the story room

Saturday, January 07, 2006


I've found myself thinking about the discipline of remembering lately. As I look to a future with a lot of changes happening soon, I've been working hard to remember that my Father has dealt with me in goodness, faithfulness, mercy, and love. I can't see into the future, but like the ancient Israelites, I am called to look back and remember where I've come from, trusting that the God who has led me this far will not abandon me now, but will stay just as close - leading me in love, teaching me his ways, and using me to bring the love, peace, and grace of his kingdom to the world.

I recently read a sermon preached by Frederick Buechner called "A Room Called Remember" (in a book by that same title). The whole sermon struck me, especially this:

"To remember my life is to remember countless times when I might have given up, gone under, when humanly speaking I might have gotten lost beyond the power of any to find me. But I didn't. And each of you, with all the memories you have and the tales you could tell, you also have not given up. You are also survivors and are here. And what does that tell us? It tells us that weak as we are, a strength beyond our strength has pulled us through at least this far, at least to this day. Foolish as we are, a wisdom beyond our wisdom has flickered up just often enough to light us if not to the right path through the forest, at least to a path that leads forward, that is bearable. Faint of heart as we are, a love beyond our power to love has kept our hearts alive. . . .

" . . . 'Remember the wonderful works that he has done,' goes David's song - remember what he has done in the lives of each of us, and beyond that remember what he has done in the life of the world; remember above all what he has done in Christ - remember those moments in our own lives when with only the dullest understanding but with the sharpest longing we have glimpsed that Christ's kind of life is the only life that matters and that all other kinds of life are riddled with death; remember those moments in our lives when Christ came to us in countless disguises through people who one way or another strengthened us, comforted us, healed us, judged us, by the power of Christ alive within them. All that is the past. All that is what there is to remember. And because that is the past, because we remember, we have this high and holy hope: that what he has done, he will continue to do, that what he has begun in us and our world, he will in unimaginable ways bring to fullness and fruition."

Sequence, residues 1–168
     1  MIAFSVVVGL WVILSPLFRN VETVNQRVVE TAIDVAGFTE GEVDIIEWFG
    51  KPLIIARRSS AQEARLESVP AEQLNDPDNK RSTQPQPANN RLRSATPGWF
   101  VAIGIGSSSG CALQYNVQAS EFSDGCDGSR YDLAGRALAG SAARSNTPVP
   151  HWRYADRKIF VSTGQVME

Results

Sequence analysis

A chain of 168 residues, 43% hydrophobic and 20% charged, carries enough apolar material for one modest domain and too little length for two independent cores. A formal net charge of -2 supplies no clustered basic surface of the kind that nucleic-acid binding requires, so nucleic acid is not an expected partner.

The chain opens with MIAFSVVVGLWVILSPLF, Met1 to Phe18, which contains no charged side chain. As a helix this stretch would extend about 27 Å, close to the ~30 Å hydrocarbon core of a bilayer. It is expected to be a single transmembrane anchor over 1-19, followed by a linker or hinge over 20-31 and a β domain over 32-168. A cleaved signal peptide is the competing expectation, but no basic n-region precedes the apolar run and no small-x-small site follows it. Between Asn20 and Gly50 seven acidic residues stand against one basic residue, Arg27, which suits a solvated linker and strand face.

Thank you, our Father, for your goodness, bringing us this far. As we remember the ways you've been near us and blessed us until today, please give us the courage and faith to trust you with our futures. Thank you for your faithfulness.


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